Thankfully training purely for aesthetics often becomes the gateway drug for all the other benefits of exercise, and those who start working out to lose weight can discover a plethora of other benefits. Other factors become the driving force behind working out, and at this point a person’s fitness becomes way more balanced (I’m sure a number of you can relate)!

It’s not entirely necessary to want to run a marathon or to achieve a triathlon PB, but training like an athlete can leave you feeling mentally healthier, accomplished and physically sound well into your older age. Rest and recovery is a key part of an athlete’s training plan, and whilst reducing workout intensity might not give you THAT body in 90 days, it sure as hell will keep you motivated enough to continue working out long, long past then. 

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Best workout classes in London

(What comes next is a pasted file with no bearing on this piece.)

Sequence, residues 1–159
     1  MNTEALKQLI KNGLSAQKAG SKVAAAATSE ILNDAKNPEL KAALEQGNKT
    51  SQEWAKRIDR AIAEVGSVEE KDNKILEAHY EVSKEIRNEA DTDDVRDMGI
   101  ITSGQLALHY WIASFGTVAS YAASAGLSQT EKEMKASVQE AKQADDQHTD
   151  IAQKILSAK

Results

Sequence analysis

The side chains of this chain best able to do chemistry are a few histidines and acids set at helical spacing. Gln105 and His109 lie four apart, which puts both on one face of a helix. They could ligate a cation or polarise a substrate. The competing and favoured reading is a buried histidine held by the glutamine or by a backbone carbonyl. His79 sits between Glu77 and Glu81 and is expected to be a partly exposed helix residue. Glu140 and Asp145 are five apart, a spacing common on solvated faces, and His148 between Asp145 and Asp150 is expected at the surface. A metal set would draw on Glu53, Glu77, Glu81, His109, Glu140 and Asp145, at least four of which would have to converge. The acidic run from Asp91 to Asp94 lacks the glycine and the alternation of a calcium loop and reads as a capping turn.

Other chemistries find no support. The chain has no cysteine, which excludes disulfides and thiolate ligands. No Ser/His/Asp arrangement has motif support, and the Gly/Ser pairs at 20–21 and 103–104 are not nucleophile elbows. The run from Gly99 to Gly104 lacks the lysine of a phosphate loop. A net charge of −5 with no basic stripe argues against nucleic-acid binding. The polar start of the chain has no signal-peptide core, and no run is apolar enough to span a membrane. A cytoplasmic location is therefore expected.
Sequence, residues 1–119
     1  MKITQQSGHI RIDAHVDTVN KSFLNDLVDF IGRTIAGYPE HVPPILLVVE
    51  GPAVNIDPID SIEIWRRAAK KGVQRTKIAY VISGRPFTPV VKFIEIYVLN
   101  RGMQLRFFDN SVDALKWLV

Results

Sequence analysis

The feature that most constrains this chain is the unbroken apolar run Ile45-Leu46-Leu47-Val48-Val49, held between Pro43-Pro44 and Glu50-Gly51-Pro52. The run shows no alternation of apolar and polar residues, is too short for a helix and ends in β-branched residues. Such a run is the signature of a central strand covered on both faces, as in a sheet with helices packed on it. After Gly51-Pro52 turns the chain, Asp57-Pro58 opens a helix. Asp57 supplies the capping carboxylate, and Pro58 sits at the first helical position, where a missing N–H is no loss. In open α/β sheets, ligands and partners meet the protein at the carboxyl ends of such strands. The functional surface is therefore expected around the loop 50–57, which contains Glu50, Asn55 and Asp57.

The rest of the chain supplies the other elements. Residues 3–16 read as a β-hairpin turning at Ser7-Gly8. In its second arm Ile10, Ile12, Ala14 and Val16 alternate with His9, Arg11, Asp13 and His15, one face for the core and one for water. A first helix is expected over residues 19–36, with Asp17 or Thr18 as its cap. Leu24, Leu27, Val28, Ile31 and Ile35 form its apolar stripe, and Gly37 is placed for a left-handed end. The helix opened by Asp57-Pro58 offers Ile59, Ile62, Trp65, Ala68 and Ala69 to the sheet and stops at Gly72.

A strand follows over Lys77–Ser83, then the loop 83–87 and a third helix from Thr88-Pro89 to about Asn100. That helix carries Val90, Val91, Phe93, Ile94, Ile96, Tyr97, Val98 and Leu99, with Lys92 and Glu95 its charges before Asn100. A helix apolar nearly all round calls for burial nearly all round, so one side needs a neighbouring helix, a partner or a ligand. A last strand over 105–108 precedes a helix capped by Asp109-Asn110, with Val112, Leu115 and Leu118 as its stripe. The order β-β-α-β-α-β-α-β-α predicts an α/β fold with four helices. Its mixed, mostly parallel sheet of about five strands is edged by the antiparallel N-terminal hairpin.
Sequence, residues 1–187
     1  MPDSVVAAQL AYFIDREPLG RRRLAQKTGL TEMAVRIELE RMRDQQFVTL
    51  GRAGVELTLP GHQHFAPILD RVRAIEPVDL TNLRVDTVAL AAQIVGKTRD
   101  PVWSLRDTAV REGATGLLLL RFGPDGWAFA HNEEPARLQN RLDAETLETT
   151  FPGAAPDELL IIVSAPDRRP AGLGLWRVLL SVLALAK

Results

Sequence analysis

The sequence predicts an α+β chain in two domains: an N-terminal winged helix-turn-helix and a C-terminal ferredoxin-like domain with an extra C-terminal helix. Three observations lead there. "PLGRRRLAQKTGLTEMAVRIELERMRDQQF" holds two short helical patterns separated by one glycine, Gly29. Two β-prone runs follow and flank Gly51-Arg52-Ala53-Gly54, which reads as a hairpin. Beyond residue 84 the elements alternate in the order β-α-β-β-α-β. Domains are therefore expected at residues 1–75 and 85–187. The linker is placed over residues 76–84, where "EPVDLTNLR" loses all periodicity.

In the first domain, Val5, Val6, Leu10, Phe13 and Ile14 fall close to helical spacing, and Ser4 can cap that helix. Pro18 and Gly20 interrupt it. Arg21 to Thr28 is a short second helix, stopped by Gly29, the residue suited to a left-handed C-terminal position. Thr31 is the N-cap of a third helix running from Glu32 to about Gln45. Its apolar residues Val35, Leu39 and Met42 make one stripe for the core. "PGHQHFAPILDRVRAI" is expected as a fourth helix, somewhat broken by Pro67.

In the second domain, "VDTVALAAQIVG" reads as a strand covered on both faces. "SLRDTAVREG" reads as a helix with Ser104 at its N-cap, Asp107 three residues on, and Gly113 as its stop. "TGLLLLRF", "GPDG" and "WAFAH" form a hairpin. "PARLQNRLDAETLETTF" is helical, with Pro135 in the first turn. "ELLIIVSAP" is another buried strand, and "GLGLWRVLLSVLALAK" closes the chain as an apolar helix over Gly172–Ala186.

Since two years ago I’ve been somewhat addicted to travelling around London trying new workout classes. Between that and events hosted by various studios, I’ve tried by fair share of fitness classes in London! People often ask what I would recommend for when they visit London so I’ve decided to do a post about it.

In no particular order, these are my favourite classes in London. Of course, what I like and what you might like might be totally different, but recommendations are always useful to get you started in a new city 🙂

 

Barry’s bootcamp